Crossing to Safety


I remember one day, when I was about eight, working out how I was going to make my millions.

I ran to my Mother with extreme excitement, dollar signs in my eyes and cash tills ringing in my ears.

“You know the washing machine and tumble dryer? They take up so much space! I’m going to make a washing machine … that also DRIES clothes!”

Genius, I think you’ll agree. Veritably a million dollar invention. One, however, that had occurred to a few people previously. Scotched.

Less financially viable but equally striking was a later thought in my early teens: how revolutionary it would be to write songs NOT about love. Again, a couple of others had beaten me to it. But the pop song not about love remains a minority phenomenon.

What’s the novel equivalent? Love, the old rake, is a frequent offender. Ditto family, ditto identity, ditto life-journey-rise-and-fall. But what’s all too rare is a novel about friendship and ageing. Wallace Stegner’s beautiful Crossing to Safety is, I think, the first novel I’ve read on these themes, and judging by its beauty, poise and wisdom, others would do well to jump on the wagon.

Stegner is aware of the scarcity of literature about friendships. At the end of the first chapter his narrator acknowledges, through the analogy of Cicero’s works ‘De Senectute’ (about old age / wisdom) and ‘De Amicitia’ (about friendship), that the latter may not be the most dramatic narrative topic. He prefers ‘Amicitia’ but, narrated from the perspective of old age, both subjects are sensitively explored.

Crossing to Safety recounts the lives of narrator Larry, his wife Sally, and their friendship with Sid and Charity Lang. Charity’s effusive personality and controlling nature counter Larry’s own strength of character, while Sally and Sid form the quieter, erudite backing to their more active spouses. Set from the 1930s to 1970s from a Wisconsin University Town to Florence, Italy to Charity’s family home in Vermont (but emotionally dwelling in this location), it is a depiction of a life-long friendship from joy, through sorrow and disillusionment, back to the love that is as important a part in their lives as any family or job. The novel’s character evolves along with these stages of friendship.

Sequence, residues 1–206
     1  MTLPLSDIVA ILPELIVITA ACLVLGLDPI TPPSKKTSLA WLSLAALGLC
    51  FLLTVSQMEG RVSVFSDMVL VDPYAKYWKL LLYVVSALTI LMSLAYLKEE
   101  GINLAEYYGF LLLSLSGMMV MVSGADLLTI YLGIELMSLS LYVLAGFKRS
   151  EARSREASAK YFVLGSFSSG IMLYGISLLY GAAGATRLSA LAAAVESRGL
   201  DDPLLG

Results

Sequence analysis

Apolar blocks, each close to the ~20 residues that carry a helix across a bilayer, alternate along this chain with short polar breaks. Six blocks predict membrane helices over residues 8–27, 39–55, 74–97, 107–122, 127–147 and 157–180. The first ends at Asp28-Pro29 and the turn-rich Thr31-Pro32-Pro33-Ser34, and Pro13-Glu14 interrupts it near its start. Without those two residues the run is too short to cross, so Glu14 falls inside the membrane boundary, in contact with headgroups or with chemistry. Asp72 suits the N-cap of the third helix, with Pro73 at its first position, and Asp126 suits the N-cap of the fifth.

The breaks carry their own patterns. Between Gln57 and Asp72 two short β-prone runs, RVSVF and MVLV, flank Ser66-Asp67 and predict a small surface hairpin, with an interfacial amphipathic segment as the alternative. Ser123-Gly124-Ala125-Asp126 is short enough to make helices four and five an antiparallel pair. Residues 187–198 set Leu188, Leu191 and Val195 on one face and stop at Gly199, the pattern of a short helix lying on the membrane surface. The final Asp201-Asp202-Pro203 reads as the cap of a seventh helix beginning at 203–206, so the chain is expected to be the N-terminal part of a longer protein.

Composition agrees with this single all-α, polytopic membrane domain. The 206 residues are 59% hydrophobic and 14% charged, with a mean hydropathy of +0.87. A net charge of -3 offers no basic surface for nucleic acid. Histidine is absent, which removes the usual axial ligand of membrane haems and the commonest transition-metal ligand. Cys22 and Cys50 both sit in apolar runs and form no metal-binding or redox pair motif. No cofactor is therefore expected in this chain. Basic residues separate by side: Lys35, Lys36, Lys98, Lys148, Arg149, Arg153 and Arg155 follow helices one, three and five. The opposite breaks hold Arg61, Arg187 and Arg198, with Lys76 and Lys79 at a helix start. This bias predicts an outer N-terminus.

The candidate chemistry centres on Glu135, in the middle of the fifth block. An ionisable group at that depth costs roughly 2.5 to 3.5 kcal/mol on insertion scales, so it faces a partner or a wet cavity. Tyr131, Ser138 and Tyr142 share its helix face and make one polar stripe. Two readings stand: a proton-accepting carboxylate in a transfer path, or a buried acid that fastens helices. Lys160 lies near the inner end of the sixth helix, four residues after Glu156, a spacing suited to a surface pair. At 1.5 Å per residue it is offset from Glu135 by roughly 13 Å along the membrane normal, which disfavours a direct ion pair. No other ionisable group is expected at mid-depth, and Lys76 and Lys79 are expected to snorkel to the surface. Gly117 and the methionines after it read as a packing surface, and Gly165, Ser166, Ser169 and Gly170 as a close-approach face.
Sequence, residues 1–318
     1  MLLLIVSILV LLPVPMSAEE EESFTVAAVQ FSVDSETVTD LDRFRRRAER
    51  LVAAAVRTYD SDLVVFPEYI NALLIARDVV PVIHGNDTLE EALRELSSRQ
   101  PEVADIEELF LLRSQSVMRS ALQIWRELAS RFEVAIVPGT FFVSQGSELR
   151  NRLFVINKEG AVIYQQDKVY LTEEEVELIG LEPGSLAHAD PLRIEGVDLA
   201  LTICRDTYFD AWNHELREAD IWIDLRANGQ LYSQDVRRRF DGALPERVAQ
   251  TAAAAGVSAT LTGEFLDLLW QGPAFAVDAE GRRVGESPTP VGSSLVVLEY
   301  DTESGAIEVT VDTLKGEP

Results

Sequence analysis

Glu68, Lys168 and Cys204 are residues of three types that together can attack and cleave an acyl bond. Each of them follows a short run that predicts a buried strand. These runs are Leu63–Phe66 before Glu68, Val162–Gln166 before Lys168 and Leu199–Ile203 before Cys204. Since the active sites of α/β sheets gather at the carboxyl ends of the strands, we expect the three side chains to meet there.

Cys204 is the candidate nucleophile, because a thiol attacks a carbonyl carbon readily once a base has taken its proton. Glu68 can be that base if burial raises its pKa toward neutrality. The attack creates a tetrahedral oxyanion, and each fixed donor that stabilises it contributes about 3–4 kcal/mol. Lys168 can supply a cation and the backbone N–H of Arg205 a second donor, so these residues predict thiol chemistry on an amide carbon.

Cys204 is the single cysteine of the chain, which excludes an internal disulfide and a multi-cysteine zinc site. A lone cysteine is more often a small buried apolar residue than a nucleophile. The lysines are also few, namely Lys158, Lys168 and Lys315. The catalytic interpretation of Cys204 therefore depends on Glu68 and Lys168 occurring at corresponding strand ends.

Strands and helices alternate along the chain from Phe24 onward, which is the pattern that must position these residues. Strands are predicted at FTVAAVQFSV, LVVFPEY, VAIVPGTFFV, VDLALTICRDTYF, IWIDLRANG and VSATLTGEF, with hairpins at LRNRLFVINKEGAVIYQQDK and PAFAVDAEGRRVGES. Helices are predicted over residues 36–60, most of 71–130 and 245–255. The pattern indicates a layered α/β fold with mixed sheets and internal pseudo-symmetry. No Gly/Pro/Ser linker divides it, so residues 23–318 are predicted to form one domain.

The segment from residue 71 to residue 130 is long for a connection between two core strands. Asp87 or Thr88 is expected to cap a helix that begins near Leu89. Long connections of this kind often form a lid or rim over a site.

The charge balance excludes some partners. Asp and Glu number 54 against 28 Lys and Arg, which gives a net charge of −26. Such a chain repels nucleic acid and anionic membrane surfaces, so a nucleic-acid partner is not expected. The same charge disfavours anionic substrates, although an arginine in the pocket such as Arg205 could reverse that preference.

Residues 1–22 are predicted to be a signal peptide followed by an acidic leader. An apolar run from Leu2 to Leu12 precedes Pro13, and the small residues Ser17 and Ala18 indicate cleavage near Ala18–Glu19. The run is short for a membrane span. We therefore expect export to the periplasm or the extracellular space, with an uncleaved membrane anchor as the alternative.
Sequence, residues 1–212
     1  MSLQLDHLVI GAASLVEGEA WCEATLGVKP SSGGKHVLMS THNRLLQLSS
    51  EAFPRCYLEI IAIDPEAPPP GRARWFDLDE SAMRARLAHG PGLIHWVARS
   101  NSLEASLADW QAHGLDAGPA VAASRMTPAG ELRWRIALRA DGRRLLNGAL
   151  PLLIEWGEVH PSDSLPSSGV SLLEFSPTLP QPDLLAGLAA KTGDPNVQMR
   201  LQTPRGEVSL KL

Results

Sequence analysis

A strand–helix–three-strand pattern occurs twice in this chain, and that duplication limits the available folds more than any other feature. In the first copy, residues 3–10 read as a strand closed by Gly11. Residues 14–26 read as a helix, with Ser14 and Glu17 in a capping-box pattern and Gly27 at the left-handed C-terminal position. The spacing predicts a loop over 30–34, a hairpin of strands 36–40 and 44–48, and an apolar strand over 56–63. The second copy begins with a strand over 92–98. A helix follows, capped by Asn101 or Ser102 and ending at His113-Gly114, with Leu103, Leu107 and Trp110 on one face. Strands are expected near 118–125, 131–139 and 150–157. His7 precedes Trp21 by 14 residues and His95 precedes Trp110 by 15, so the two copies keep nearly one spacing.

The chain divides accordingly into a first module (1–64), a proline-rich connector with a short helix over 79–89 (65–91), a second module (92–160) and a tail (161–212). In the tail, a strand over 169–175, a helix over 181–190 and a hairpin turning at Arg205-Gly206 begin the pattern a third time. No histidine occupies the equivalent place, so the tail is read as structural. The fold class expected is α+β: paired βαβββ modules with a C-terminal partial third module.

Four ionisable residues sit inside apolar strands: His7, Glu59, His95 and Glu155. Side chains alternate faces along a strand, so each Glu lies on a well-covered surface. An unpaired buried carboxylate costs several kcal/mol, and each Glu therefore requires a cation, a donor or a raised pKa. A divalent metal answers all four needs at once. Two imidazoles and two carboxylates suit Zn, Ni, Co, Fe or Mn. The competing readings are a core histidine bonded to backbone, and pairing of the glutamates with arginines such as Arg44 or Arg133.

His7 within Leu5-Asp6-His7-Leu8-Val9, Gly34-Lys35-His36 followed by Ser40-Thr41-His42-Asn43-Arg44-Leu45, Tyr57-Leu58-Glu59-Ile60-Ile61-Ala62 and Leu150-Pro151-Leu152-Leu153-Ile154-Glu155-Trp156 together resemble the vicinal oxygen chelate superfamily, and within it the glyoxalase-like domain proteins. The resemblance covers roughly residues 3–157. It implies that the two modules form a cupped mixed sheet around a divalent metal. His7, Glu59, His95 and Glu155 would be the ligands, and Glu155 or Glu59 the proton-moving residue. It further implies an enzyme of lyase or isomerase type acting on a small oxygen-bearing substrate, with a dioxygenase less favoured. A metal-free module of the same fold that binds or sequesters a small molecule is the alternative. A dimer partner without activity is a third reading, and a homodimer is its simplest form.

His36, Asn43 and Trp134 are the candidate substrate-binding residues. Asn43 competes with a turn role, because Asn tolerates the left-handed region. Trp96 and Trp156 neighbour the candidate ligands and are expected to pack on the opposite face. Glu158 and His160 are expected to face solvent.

Written when Stegner himself was 78, the novel is a rare encapsulation of the realities of age and remembrance – certain intricate details are remembered while major facts are acknowledged to be lost completely. Stegner captures the feeling of key periods just as surely as most novelists churn out what-happened-next. His evocation of memory and place is faultless – the reader feels reminded, rather than told for the first time, of the experience of being at Battel Pond, Charity’s family summer home where their friendship is cemented and approaches its final end.

A key emerging theme in the novel is the disparity in the Lang’s marriage as Charity’s stubborness makes itself felt. Larry and Sally watch with mixed feelings as Charity forces Sid to act under her often unreasonable and restrictive dictates. Stegner acutely captures the experience of analysing a friend’s marriage from within the safety of one’s own, and the inherent smugness of such an activity. Yet near the book’s end in its most poignant passage, Larry acknowledges that Sid’s dependence on Charity is mirrored in his own dependence on Sally – and at last appreciates that this dependence is not weakness, but simply love by another name. This nuanced and profound moment is the work of a mature writer, and stands out a mile in today’s culture of independence and rigid self-assertion.

Crossing to Safety, written in 1987, may not have given Wallace Stegner fame (his Pulitzer prize-winning Angle of Repose did that). But as a literary invention and rarity it is a precious metal, worthy of burnishing, cherishing, and definitely reading.


3 thoughts on “Crossing to Safety

  1. Pingback: 100 | Room of Joy
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